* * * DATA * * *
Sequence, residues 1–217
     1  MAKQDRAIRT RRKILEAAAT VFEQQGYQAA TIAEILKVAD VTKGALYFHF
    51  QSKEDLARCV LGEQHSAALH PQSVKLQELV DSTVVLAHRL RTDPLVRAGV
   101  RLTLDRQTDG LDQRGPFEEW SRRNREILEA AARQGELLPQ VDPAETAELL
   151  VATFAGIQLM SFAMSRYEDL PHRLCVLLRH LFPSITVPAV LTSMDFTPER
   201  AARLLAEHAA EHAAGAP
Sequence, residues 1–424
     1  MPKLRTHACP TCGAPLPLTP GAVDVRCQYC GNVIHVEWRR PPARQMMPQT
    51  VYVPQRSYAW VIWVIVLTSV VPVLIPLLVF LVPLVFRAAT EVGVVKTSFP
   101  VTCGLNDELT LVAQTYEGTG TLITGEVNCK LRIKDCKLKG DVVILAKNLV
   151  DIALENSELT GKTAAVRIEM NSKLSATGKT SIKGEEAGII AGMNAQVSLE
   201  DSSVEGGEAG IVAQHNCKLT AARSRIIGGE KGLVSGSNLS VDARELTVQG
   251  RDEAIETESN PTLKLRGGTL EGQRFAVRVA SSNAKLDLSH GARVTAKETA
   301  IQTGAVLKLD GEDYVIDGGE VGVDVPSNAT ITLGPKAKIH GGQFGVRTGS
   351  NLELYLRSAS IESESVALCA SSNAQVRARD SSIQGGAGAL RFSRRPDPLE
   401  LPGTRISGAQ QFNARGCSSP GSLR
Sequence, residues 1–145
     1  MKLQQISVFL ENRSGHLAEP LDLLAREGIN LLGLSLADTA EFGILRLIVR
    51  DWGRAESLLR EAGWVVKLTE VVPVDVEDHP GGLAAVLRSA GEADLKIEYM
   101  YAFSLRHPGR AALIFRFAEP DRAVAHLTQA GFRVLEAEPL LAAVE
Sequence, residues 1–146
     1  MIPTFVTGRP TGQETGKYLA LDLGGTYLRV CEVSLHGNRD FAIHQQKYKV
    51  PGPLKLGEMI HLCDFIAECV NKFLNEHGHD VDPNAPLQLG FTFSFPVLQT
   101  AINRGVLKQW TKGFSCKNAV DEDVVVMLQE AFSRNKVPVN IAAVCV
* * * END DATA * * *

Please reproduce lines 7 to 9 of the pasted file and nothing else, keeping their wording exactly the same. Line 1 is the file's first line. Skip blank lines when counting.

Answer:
Sequence, residues 1–424
     1  MPKLRTHACP TCGAPLPLTP GAVDVRCQYC GNVIHVEWRR PPARQMMPQT
    51  VYVPQRSYAW VIWVIVLTSV VPVLIPLLVF LVPLVFRAAT EVGVVKTSFP